The Triggering Receptors Expressed on Myeloid Cells (TREM) are expressed on a variety of innate immune cells including monocytes, macrophages, dendritic cells (DC), neutrophils, and osteoclasts. These receptors deliver signals to their host cells via association with the signaling chain, DAP12. DAP12 signaling is dependent on the presence of an immunoreceptor tyrosine-based activation motif (ITAM) within its cytoplasmic tail. Upon stimulation of a DAP12-coupled receptor, DAP12 is phosphorylated and recruits proteins critical to the propagation of downstream signals. Recent work has demonstrated that members of the TREM family, via DAP12, can deliver either activation or inhibitory signals to monocytes and macrophages. However, the biochemical nature of DAP12 signaling within myeloid cells is largely uncharacterized as is the overall immunological role of the TREM gene cluster. Thus, we have taken a bipartite approach to understand the immunobiology of the TREM cluster. Our second approach to understanding the role of TREM in regulation of innate immunity and cancer is dissection of the DAP12 signaling pathway in myeloid cells. Our studies have identified a shifting, developmentally regulated signaling cassette in macrophages and monocytes. Monocytes express two key intracellular adaptor proteins, the Linker for Activation of T cells (LAT) and the Linker for Activation of B cells (LAB, also known as the Non-T cell Adaptor, NTAL). We find that during maturation of DC or macrophages from monocytes in vitro, the levels of LAT fall whereas the levels of LAB increase. Our previous work had demonstrated the ability of LAB to regulate inflammatory cytokine production in macrophages. More recently, we have demonstrated that dendritic cells (DC) signal via LAB. A screen of multiple DC lignads suggested that the fungal particle zymosan (Zy) could elicit robust LAB phosphorylation whereas TLR stimulation does not. Fractionation and transfection studies demonstrated that LAB phosphorylation was caused by fungal-derived mannons signaling via Dectin-1 on the DC cell surface. Interestingly, we found that DC lacking LAB produced lower levels of inflammatory cytokine due to increased levels of nuclear beta catenin. Accordingly, T cell responses are reduced in LAB null mice and these mice are more susceptible to fungal infection. In addition to our signaling studies in the myeloid compartment of the innate immune system we study the role of the TREM in the inflammation associated with cancer. We find that tumor associated myeloid-derived suppressor cells express TREM1 and that mice harboring 4T1 breast cancers have elevated levels of soluble (s)TREM1 in their blood. In addition, we find high expression of TREM2 on tumor associated macrophages and we have demonstrated the involvement of TREM-2 on colitis and colon cancer associated with colitis. Most recently we have been involved in the characterization of TREM-like Transcript-4 (Treml4) in cardiovascular disease. This work has defined Treml4 as an unusual protein that is highly expressed in neutrophils. Polymorphisms within Treml4 are associated with expression and correlate with cardiovascular disease.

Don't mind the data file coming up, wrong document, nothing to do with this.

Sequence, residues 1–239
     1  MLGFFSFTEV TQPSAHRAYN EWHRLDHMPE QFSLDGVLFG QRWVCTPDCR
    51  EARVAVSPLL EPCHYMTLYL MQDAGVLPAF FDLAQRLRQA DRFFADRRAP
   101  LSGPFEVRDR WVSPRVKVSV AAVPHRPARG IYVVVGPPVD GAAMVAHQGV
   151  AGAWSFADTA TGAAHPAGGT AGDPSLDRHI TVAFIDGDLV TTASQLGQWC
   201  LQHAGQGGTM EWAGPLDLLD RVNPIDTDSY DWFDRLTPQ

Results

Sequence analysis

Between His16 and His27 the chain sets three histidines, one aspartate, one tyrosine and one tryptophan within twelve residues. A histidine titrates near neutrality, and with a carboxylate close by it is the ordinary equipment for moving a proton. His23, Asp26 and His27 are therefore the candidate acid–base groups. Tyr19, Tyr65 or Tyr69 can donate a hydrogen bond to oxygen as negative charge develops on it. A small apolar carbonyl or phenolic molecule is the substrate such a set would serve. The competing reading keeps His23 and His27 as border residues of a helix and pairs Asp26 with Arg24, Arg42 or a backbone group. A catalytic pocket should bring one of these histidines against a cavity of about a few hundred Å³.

Agency
National Institute of Health (NIH)
Institute
National Cancer Institute (NCI)
Type
Investigator-Initiated Intramural Research Projects (ZIA)
Project #
1ZIABC010300-16
Application #
8763066
Study Section
Project Start
Project End
Budget Start
Budget End
Support Year
16
Fiscal Year
2013
Total Cost
$822,032
Indirect Cost
Name
National Cancer Institute Division of Basic Sciences
Department
Type
DUNS #
City
State
Country
Zip Code
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